Sending webhook data from CRM or CMS is relatively easy. However, you need to see webhook data in the sGTM debugger to set up tags accurately. The chances that one can set up tags without using a debugger are low.
By default, you can’t see webhook data in sGTM. To make it visible, we need to use Preview HTTP header functionality in the sGTM debugger and stape.
To enable the sGTM preview header open your server Google Tag Manager container -> click preview -> click three dots in the top right corner -> click send requests manually -> copy X-Gtm-Server-Preview HTTP header.
Log in to your stape.io account, open the sGTM container, go to Power-Ups and click Use HTTP Header Config.
Paste the Preview HTTP header you’ve copied from the server Google Tag Manager debugger and click Save.
The above steps will allow you to see webhook data in the server Google Tag Manager debugger. After you’ve done the setup, remove Preview Header from stape sGTM power-ups. Our system automatically removes the Preview Header 1 hour after you’ve enabled it.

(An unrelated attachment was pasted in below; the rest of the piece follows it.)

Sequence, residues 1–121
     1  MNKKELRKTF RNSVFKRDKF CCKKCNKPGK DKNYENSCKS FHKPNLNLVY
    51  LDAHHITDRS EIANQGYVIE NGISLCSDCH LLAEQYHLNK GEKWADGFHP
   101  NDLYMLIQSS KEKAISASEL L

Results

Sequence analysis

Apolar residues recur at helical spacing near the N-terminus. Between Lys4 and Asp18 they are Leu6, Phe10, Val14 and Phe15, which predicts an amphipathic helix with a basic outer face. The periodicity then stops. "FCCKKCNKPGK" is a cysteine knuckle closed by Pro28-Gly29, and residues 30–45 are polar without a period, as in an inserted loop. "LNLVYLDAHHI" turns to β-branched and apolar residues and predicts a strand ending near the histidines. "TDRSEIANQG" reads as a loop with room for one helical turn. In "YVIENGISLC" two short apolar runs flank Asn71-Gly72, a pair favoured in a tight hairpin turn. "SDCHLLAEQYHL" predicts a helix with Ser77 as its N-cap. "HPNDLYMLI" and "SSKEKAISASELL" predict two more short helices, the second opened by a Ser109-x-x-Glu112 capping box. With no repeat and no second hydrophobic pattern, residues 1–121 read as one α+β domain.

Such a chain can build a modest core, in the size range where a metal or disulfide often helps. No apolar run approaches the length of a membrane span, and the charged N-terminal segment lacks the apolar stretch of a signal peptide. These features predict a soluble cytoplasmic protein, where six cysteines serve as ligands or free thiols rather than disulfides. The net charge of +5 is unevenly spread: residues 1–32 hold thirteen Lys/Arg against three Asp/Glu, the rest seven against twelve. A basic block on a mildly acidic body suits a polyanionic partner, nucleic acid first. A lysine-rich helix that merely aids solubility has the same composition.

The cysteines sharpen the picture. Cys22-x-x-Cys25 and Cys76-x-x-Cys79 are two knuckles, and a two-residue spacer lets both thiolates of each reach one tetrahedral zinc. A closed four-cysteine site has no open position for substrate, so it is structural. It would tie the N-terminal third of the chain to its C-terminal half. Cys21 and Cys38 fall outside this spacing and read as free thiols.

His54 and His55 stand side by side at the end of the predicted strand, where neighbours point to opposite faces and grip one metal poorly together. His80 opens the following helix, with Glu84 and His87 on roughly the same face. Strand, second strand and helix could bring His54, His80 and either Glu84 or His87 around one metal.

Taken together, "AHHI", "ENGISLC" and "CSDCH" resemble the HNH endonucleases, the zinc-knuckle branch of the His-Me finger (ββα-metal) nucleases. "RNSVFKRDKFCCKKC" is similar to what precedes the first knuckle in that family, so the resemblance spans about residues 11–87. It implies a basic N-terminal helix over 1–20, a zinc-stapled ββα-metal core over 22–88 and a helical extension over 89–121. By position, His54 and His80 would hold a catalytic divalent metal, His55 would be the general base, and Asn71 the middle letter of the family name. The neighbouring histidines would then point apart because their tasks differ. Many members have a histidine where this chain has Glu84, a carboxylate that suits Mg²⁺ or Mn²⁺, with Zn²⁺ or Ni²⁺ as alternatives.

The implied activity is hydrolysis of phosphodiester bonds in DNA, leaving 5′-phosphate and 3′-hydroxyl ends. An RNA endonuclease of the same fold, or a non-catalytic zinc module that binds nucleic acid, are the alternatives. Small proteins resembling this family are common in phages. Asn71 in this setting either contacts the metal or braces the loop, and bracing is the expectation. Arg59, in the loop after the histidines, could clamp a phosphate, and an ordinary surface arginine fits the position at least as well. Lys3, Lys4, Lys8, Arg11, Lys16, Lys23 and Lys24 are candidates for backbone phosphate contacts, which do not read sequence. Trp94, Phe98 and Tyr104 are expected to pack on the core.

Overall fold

3. How to process webhook data in server Google Tag Manager
The last preparation step before you can eventually send webhook data to the advertising or analytics platform is to process webhook data in sGTM. We will do so with the help of stape’s Data Client.
In sGTM, clients are responsible for claiming requests and processing request data to event data.
Import Data Client to your sGTM container. The first step would be to download Data Client from GitHub. Then, go to the sGTM container, open the Templates sections, and click New client.
Click three dots and then Import. Next, select the Data Client template you downloaded from GitHub and save it.